Recent Documents
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Principal Investigators
Dr. Nick Daneman
Dr. Rob Fowler

Thanks to all Participating Centers and collaborators for engaging in this research program!

Thanks to the CCCTG for endorsing this research project.
  • CIHR Project Grant
    The BALANCE RCT has been successful in receiving a $2 million CIHR Project Grant for a period of 5 years.
    The BALANCE Pilot RCT was awarded an Ontario Ministry of Health and Long-Term Care Province wide award for BEST AND MOST INNOVATIVE PROJECT IN THE CATEGORY EVIDENCE- AND PATIENT-CENTRED CARE
    Our partners in New Zealand have submitted the BALANCE grant application to Health Research Council of New Zealand for funding of 10 sites in New Zealand and Australia. 
    CIHR BRIDGE FUND: BALANCE RCT application was ranked 3/32 among the large RCT applications in 2015. We missed the funding by just one spot. However, CIHR has provided us with $100K as bridge funds to be able to continue with enrollment before the next submission.

The Balance Program

Bloodstream infections are a common and serious problem, affecting 15% of critically ill patients and resulting in a three-fold increased mortality rate. Early treatment with effective antibiotics is essential to improve the outcome of these patients, but the optimal duration of treatment has not been studied. In this void of evidence, excessive durations of antibiotic therapy are contributing to avoidable adverse drug events, Clostridium difficile infection, and increases in antibiotic resistance.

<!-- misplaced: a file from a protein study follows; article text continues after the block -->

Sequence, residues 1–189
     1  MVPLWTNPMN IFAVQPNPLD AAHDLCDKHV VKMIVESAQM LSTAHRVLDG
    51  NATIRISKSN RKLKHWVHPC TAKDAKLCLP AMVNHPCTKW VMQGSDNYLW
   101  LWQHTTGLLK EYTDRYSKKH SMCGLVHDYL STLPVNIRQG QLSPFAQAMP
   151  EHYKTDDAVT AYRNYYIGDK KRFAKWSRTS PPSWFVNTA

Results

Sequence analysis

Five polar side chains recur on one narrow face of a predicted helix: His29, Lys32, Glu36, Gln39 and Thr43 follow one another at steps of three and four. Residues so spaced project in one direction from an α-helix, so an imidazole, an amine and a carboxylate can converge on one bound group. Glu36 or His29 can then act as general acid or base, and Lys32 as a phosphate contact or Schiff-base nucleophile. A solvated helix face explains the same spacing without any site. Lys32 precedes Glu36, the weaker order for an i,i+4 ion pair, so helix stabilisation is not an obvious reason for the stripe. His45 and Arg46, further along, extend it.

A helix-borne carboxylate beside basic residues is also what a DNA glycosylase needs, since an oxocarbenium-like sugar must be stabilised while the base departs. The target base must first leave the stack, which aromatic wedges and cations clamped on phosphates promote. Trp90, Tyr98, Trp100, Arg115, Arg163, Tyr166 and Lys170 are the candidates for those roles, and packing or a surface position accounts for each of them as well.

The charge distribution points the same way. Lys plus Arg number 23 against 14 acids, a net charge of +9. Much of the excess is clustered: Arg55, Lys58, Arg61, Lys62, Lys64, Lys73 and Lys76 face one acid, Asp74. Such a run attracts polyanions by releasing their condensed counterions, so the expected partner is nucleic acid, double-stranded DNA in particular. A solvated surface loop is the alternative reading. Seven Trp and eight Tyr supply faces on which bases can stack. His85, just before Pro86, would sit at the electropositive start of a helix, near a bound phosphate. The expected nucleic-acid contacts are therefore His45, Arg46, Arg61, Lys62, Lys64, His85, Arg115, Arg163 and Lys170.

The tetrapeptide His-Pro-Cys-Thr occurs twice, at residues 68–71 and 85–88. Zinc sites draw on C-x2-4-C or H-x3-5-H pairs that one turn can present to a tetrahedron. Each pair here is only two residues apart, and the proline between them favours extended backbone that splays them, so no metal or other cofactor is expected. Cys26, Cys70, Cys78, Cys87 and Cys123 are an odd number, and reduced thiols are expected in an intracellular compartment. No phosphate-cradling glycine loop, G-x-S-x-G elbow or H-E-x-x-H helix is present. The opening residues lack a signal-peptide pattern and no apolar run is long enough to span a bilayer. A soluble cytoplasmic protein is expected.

CONTACT US if you are interested in joining this program of research.

The Bacteremia Antibiotic Length Actually Needed for Clinical Effectiveness (BALANCE) Research Program seeks to define the optimal treatment duration for patients with bloodstream infection.  The goal is to maximize the benefits while minimizing the harms of these treatments, including antibiotic resistance, C. difficile, and other drug-related side effects.

Our Primary Research Question and Hypothesis:

Among critically ill patients with bloodstream infection, is shorter duration antibiotic treatment (7 days) associated with non-inferior mortality rates (at 90 days) to those achieved with longer duration antibiotic treatment (14 days)?  We hypothesize that survival rates will be non-inferior with shorter course treatment.

Our Secondary Hypotheses:

We hypothesize that shorter treatment will also be associated with non-inferior secondary clinical outcomes including: hospital and intensive care unit (ICU) mortality, relapse rates of bacteremia, hospital and ICU length of stay, mechanical ventilation and vasopressor duration.  We hypothesize that shorter course treatment will be associated with more antibiotic-free days in ICU, lower risk of C. difficile infection, lower risk of antibiotic allergy and adverse events, and lower risk of colonization/infection with antibiotic-resistant organisms.